BERT MAES

The Future of CNC Manufacturing Education – CNC Manufacturing, Education Reform & Change Management News.

Posts Tagged ‘apple’

Manufacturing: the unseen underground economy

Posted by Bert Maes on October 7, 2011


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In 1850, a decade before the Civil War, the United States’ economy was small — it wasn’t much bigger than Italy’s. Forty years later, it was the largest economy in the world. What happened in between was (…) the rise of steel and manufacturing — and the economy was never the same,” says W. Brian Arthur, an economist and technology thinker.

Since ages manufacturing is quietly, for many people unnoticeably, transforming the economy.

Manufacturing is silent, invisible and unseen.

Much like the root system for aspen trees, Arthur observes. “For every acre of aspen trees above the ground, there’s about ten miles of roots underneath, all interconnected with one another, “communicating” with each other.”

The observable physical world of aspen trees hides an unseen underground root system.

Just like trees, CNC machine tools are creating for us — slowly, quietly, and steadily — a different world.

Think about this: the success of Steve Jobs was based on CNC manufacturing machines, based on the invisible roots undergound: Apple puts CNC Machining Front and Center.

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The Manufacturing Sectors of the Future

Posted by Bert Maes on February 8, 2010


The U.S. manufacturing economy shifts away from heavy sectors, such as automobiles and basic chemicals, toward higher-tech products like super-fast computer chips.

The restructuring now under way offers insights into what kinds of goods the U.S. should produce, and in what volumes.

Semiconductor makers saw U.S. demand recover sharply as computer makers scrambled to catch up with a pickup in business investment toward the end of 2009.

Intel, which produces chips in Chandler, Ariz., Rio Rancho, N.M. and Hillsboro, Ore., boosted its capital investments to $1.08 billion in the fourth quarter, part of a two-year, $7 billion program to upgrade its U.S. plants.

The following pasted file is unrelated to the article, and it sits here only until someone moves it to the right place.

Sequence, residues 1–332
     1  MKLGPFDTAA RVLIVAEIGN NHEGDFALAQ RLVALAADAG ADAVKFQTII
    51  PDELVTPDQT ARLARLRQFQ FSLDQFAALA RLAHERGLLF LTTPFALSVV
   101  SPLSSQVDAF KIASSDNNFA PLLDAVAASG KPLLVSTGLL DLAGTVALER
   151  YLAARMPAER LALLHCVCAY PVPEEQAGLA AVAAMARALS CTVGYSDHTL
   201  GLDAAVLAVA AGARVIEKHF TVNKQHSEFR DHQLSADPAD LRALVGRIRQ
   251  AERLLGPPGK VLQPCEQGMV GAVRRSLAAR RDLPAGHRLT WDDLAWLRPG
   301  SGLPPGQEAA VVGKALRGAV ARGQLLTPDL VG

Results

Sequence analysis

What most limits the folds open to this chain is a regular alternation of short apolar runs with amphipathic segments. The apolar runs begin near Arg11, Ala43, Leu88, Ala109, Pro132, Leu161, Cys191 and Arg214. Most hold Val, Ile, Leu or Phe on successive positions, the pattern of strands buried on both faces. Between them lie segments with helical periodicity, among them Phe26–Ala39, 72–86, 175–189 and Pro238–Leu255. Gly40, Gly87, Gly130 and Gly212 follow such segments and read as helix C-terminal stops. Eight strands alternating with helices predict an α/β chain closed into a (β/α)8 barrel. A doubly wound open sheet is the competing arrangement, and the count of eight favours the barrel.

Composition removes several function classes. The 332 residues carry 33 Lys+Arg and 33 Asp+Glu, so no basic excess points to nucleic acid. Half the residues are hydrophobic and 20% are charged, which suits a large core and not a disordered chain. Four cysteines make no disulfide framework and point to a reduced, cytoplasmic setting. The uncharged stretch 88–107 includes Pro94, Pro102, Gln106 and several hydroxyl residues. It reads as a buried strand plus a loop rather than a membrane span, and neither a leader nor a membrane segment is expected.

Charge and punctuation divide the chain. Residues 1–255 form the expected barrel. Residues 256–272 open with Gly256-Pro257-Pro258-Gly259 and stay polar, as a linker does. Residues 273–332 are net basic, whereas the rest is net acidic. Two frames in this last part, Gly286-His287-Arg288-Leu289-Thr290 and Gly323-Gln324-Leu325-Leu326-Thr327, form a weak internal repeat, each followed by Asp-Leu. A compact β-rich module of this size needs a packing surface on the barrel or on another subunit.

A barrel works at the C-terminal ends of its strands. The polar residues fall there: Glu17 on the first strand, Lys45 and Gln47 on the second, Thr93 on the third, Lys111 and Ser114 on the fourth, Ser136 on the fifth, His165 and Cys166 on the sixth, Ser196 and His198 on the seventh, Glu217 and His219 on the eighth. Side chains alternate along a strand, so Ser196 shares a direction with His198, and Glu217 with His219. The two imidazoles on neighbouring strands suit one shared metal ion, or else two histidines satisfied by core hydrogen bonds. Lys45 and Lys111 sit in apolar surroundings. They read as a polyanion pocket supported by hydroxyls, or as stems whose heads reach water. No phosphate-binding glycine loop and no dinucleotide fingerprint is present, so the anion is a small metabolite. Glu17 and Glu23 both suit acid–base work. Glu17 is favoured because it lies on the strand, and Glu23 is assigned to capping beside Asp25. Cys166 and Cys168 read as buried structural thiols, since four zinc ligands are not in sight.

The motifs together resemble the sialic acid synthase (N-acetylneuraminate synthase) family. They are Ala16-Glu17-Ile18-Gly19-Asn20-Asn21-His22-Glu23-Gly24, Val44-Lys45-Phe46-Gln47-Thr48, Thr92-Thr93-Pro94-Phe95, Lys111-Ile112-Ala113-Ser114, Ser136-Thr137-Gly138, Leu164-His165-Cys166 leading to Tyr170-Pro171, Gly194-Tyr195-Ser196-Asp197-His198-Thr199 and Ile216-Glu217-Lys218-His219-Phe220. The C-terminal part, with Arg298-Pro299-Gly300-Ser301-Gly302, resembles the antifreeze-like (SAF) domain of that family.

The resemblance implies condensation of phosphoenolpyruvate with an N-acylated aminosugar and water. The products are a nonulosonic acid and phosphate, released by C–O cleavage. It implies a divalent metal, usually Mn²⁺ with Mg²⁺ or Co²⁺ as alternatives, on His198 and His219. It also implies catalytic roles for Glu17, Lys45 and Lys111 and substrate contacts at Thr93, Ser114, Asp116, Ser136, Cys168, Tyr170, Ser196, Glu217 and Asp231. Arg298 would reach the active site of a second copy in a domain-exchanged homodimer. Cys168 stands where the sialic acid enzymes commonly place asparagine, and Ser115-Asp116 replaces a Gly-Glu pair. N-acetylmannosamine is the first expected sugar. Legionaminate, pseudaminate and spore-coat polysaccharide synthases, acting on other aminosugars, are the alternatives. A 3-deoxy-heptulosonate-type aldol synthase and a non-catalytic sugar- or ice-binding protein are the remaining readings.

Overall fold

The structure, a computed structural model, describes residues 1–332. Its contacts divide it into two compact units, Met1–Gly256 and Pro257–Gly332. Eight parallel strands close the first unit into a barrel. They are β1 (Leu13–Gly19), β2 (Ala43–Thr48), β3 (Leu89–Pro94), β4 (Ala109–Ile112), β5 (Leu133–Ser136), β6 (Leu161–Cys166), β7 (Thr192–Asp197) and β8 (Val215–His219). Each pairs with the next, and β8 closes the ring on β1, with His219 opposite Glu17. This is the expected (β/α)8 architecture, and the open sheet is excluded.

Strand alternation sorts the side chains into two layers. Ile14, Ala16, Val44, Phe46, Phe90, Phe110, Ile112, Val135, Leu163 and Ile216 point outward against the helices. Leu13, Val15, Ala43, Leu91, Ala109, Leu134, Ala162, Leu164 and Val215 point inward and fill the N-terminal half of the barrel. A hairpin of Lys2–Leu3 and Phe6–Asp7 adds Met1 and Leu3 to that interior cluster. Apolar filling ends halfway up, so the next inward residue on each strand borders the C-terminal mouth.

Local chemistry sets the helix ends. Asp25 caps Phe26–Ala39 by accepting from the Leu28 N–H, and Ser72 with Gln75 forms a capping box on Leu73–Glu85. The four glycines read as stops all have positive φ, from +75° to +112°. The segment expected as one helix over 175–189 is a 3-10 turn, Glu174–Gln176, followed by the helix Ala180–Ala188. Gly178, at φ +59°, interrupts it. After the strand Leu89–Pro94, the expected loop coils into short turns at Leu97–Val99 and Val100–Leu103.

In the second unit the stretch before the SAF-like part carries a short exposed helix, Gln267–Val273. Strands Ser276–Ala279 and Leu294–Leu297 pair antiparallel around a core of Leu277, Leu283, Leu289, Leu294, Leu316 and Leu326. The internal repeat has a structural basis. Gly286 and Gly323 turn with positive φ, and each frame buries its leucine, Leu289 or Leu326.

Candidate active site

Many companies still prefer to produce semiconductors in the U.S., particularly if their manufacturing is highly complex. Being close to the U.S.-based design centers of major chip users like computer maker Dell Inc. and consumer-electronics maker Apple Inc. also can be an advantage.

Texas Instruments Inc., the second-largest U.S. chipmaker will spend almost $1 billion this year to expand three factories and open a fourth to fill orders. The company is also hiring 250 workers to open a new chip-manufacturing plant in Richardson, Texas, that will eventually employ 1,000. (press-enterprise.com)

This is a kind of manufacturing that will make sense to do in the U.S. for a long time to come,” said Tim Peddecord, chief executive of privately held memory-module producer Avant Technology, which recently opened a new 50,000-square-foot plant in Pflugerville, Texas.

Manufacturing in the U.S., Mr. Peddecord said, allows it to turn around U.S. orders in 24 hours, an advantage in an industry where demand is volatile and clients try to keep inventories low. In addition, the reduced freight costs, compared with shipping goods from China, can offset the added cost of U.S. labor, since labor accounts for less than a hundredth of his average sales price.

Source: The Wall Street Journal

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8 good reasons to study CNC

Posted by Bert Maes on June 23, 2009


8 good reasons to study CNC

Check for world-class CNC schools in:
– North-America: www.HTECnetwork.org
– Europe: www.HTECnetwork.eu

What is CNC?

View this post: Apple’s new MacBook is manufactured on CNC machines, making them thinner, stronger and more robust.

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